Should I Refinance My Car?
Advice on guiding you through refinancing to lower interest rates
Published September 13, 2012 | Updated March 26, 2019
The murky world of car finance is difficult for most people to navigate, and many get it wrong, often paying for their mistakes for years afterward in the form of much higher interest rates than they should be paying, sometimes triple what those of us with good credit would pay. Here at CarBuyingTips.com people often ask our consumer advocate team "should I refinance my car?" It seems complicated to them, they also ask "can you refinance a car loan?" and even "How do I refinance my car?"
We will clear the air on these common auto finance questions, make it simple for you to understand, and steer you through all the confusion surrounding car loans and obtaining a lower rate APR loan.
To be or not to be - to refinance or not, that is the dilemma. First, let's make sure we are on the same page with an understanding of what refinancing a vehicle is before we determine whether it is prudent to refinance our existing car loan. The refinance process simply means you are paying off the existing auto loan and replacing it with a new auto loan with new terms and lower interest rate.
Be sure to read our guide on Car Loan Financing Tips and Scams. Don't car shopping until you have read that guide first or you will not be properly prepared to buy a car, and read our other Guide To Refinancing Your Car Loan to get your monthly car payments reduced lower.
How to tell if you are a good candidate for refinancing your car loan
Typically, if today's APR (interest rate) for refinancing your car loan is at least 2% lower than the original APR you got on your current loan, then it makes sense for you to try to refinance your car loan to a lower APR. Here is an example: With a $20,000 car loan at 60 months and 8% APR, you could drop your monthly payment from $406 to $386 by refinancing your auto loan down to 6% APR, saving you hundreds over the life of your auto loan.
It is best for you to use a loan calculator tool to compare multiple car loan scenarios at once.
We have a 4-way loan scenario spreadsheet for you in our free download area, called the 4 Scenario Loan Spreadsheet. With this useful spreadsheet, you can see at a glance up to 4 car loan scenarios for what your monthly payment might be with different interest rates. Feel free to experiment, you can change the number of months in your car loan and see how that affects both your payments and your savings over the life of your car loan.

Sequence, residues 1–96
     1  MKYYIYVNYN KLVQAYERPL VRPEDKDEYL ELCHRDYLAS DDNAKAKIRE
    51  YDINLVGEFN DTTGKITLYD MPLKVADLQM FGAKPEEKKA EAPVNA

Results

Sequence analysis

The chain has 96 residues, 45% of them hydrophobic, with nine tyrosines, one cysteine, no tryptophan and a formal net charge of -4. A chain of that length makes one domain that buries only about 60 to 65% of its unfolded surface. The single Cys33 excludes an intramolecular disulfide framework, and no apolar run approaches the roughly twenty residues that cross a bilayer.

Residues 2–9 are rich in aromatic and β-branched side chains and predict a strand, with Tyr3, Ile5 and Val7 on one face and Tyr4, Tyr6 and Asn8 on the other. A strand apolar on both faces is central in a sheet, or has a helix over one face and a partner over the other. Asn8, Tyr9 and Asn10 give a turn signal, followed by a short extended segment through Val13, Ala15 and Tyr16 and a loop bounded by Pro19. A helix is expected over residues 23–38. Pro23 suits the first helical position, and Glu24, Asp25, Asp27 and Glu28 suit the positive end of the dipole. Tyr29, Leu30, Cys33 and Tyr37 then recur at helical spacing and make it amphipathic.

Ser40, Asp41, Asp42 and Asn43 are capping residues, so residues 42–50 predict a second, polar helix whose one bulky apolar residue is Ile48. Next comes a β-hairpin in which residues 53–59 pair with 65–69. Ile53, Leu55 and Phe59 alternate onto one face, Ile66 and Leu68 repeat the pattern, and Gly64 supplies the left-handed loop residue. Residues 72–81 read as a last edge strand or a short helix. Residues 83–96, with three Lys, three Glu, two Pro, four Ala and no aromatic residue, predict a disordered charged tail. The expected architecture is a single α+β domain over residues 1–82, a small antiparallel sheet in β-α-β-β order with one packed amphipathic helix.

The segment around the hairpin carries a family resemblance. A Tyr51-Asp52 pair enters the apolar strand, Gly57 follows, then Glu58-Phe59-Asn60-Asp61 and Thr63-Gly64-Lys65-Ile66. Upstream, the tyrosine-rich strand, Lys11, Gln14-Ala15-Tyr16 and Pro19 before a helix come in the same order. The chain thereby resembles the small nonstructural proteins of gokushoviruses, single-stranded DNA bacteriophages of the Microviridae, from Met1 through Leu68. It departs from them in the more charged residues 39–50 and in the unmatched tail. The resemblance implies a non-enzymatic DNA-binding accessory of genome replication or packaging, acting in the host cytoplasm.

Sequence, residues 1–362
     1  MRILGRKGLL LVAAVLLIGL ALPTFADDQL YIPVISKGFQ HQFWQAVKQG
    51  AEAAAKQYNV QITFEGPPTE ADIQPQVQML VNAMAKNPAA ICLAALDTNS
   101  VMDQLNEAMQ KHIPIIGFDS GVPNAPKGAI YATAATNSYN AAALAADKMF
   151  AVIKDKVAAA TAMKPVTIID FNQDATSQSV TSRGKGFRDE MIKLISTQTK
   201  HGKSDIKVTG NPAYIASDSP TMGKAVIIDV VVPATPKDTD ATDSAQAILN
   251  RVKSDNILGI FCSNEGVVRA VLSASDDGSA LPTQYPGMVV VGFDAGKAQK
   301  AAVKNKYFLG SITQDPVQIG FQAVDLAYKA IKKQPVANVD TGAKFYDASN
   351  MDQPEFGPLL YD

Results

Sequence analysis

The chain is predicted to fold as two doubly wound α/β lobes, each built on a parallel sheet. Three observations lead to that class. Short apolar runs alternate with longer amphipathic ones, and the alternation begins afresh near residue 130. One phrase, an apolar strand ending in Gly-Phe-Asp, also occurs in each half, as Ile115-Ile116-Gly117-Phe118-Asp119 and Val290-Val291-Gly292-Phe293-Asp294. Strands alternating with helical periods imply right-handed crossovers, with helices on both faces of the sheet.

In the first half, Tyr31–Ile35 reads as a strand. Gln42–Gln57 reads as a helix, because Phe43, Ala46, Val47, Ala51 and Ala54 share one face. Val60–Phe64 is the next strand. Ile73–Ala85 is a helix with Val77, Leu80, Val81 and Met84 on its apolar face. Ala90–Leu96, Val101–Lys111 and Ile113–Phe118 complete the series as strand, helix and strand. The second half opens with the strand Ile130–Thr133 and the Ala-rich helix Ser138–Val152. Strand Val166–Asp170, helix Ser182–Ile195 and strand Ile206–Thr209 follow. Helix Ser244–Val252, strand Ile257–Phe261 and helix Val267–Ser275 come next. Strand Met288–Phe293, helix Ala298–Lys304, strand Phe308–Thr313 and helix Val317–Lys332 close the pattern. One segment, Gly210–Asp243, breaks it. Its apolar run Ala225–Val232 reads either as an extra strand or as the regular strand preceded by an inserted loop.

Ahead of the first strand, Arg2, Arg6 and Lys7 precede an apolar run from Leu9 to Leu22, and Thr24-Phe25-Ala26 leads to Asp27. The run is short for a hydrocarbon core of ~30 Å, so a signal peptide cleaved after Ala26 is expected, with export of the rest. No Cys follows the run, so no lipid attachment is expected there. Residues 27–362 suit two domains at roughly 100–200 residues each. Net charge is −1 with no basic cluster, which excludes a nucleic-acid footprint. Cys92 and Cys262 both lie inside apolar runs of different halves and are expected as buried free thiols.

Applying for car refinancing with an online lender
Most lenders don't refinance their own loans, so you normally have to find a different lender such as LightStream and CARCHEX. By applying online, you avoid many of the common car financing scams in the car dealer finance manager offices and you are shown your car loan APR and how much you could save in minutes. Now you know the criteria to determine whether you should redo your loan.
With online lenders, you typically download the loan documentation, sign it, FedEx it back, and they pay off your current loan in about a week. Then your new car loan will be with the new lender at a lower interest rate, and your savings will begin immediately.
Can I Refinance a Car Loan?
Many consumers were so duped by the car dealer they don't even know it's possible to get out of their loan. Many car buyers rush into dealers with no financial budget or credit check planning first to buy new cars, not knowing their credit score and forgetting they have a checkered past with making payments on time. There's damage on their credit file that they could have easily repaired first, and it all comes to bite them in the rear, and they get stuck paying 15% to 25% APR.
Referring to the above referenced $20,000 loan, if the car buyer got stuck with a 15% APR their payments would be $475 and cost over $4000 extra in interest. They have no idea that they could be paying down near 6%, which would save them thousands. Yes, you can indeed refinance your car loan.
There must be thousands of people out there, maybe even you, paying way too much APR because the car dealer lies to you about your credit score. One benefit of refinancing is now that you are taking on a loan with different terms, you could spread out the months from 48 to 60, which lowers your payments and gives you breathing room, but costs you more in interest.